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Article
October 26, 1918

CANCER OF THE ORAL CAVITY, JAWS AND THROAT: TREATMENT BY ELECTROTHERMIC METHODS OR IN COMBINATION WITH SURGERY, THE ROENTGEN RAY AND RADIUM, WITH AN ANALYSIS OF TWO HUNDRED CASES SO TREATED

Author Affiliations

PHILADELPHIA

JAMA. 1918;71(17):1365-1369. doi:10.1001/jama.1918.02600430011004
Abstract

Electrothermic methods are peculiarly adapted to the treatment of cancer within the mouth. Malignant tissue (including bone) occurring in any part of the oral cavity, comprising the lips, buccal surface, tongue, floor of the mouth, alveolus, hard palate, antrum, tonsils, pharynx, epiglottis, larynx and proximal end of the esophagus, may be destroyed with one electrothermic operation.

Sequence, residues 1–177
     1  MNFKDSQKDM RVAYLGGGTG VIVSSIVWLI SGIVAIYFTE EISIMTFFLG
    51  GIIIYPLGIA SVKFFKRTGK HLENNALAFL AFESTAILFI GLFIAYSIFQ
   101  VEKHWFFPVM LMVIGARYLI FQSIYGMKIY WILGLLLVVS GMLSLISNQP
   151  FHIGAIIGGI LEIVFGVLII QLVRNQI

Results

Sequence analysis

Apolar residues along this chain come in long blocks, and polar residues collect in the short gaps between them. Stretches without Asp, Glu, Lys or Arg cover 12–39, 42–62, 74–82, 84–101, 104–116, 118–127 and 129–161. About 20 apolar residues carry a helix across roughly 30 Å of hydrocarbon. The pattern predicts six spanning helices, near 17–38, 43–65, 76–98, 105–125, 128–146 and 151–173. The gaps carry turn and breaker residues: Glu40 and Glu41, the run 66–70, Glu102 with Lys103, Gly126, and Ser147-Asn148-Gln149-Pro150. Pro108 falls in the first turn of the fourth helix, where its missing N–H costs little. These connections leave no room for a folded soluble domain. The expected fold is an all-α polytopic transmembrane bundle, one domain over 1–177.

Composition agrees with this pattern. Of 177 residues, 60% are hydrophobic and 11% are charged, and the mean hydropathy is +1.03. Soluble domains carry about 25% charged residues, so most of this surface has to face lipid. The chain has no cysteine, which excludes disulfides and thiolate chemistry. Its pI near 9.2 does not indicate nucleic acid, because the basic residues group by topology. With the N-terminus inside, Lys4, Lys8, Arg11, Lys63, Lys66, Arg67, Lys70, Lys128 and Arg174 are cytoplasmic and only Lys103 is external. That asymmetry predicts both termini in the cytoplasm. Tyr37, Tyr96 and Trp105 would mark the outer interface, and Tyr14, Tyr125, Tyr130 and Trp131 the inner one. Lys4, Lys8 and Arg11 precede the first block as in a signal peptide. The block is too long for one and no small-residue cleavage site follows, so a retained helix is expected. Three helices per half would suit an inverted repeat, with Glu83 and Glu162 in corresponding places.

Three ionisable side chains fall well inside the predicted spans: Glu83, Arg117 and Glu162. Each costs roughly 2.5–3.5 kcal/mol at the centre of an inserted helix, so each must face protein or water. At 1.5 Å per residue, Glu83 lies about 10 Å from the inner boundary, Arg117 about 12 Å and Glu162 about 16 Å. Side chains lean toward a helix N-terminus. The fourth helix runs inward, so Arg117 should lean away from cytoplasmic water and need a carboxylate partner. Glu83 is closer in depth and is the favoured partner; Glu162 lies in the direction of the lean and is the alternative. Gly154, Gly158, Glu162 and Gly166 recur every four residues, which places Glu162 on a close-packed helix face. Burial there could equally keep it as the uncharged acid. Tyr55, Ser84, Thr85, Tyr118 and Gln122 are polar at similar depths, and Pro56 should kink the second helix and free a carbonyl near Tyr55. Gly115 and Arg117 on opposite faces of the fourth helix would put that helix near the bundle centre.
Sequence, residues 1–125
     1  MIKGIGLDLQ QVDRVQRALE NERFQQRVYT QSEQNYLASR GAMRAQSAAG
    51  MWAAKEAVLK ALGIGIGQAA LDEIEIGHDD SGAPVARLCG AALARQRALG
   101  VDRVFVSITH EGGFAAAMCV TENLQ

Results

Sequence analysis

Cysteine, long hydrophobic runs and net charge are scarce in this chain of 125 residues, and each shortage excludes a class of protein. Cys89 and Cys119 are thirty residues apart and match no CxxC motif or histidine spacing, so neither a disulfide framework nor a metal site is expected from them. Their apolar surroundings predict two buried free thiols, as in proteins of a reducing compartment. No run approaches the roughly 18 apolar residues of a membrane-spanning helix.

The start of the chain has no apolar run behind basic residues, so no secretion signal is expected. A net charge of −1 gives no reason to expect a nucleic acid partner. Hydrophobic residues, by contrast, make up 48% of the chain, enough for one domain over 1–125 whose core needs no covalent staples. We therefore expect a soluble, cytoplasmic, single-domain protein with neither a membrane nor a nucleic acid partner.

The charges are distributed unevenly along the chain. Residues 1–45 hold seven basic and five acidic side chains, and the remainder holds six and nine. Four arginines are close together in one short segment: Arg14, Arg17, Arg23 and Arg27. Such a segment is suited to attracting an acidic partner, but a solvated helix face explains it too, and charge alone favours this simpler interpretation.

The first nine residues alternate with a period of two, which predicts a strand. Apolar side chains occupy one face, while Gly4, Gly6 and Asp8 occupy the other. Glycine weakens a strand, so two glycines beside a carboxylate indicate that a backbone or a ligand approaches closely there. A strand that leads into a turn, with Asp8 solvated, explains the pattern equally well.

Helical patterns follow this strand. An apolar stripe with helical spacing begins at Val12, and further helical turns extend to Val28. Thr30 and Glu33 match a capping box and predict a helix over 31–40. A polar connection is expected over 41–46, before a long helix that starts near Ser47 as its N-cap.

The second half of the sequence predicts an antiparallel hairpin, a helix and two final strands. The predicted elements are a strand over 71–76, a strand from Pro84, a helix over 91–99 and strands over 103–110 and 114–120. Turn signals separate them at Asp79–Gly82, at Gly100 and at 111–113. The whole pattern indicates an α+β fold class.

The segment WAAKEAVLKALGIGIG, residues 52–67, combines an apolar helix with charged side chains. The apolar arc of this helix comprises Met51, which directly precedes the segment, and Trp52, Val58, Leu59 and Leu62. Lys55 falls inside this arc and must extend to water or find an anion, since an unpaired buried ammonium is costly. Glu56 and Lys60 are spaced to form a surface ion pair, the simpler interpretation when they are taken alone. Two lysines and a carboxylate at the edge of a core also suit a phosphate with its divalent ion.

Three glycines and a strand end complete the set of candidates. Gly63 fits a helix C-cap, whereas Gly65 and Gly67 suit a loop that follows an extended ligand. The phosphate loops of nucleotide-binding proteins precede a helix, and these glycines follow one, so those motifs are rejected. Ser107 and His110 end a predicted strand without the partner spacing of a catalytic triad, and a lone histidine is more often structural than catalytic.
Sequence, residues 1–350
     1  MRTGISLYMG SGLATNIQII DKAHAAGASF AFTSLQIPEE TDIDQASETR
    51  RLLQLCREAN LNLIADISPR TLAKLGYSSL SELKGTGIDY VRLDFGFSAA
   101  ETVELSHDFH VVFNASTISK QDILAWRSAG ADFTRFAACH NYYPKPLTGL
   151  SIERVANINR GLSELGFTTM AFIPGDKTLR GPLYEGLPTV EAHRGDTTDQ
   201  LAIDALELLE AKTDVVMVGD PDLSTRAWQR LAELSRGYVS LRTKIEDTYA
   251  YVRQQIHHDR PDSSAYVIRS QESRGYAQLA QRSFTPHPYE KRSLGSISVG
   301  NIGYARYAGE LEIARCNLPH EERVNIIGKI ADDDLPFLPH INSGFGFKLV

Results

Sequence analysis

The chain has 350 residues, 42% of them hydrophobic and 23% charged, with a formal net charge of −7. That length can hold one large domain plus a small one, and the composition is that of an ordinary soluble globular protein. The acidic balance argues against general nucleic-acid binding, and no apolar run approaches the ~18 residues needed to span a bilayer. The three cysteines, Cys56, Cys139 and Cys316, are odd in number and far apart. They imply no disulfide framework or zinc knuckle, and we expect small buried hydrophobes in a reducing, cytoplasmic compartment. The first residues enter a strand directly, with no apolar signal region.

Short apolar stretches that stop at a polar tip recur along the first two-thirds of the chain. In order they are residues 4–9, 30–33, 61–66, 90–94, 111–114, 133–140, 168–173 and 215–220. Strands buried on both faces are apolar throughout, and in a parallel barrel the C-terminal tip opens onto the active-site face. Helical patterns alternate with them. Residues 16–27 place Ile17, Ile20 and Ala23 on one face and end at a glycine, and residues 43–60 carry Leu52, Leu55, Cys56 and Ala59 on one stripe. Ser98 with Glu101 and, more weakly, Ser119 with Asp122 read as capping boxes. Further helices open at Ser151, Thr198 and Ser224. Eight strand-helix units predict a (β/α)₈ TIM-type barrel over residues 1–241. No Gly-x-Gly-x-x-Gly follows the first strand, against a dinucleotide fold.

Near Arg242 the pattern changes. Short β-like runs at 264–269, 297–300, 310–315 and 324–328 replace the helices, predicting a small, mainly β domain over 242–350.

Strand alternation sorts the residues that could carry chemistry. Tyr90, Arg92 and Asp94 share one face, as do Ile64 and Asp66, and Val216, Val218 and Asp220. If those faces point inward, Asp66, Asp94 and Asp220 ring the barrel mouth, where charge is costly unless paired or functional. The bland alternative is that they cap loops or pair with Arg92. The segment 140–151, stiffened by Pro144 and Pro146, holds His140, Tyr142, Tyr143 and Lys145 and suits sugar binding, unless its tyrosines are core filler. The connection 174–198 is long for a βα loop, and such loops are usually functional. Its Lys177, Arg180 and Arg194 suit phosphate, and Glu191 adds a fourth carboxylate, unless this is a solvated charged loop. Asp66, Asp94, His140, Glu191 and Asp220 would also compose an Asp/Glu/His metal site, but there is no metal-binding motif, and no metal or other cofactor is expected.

It is not necessary to split the cheek surgically to render a growth accessible to treatment, since the exposure secured by the use of a mouth gag, cheek retractors, traction on tongue by means of a suture or tongue forceps, or by the use of an endoscope is sufficient to permit the destruction of a growth. A tongue may be coagulated to the base and then excised without hemorrhage.

In addition to the desiccation or coagulation of tissues and the sealing of blood and lymph channels, the heat penetrates beyond the area totally destroyed

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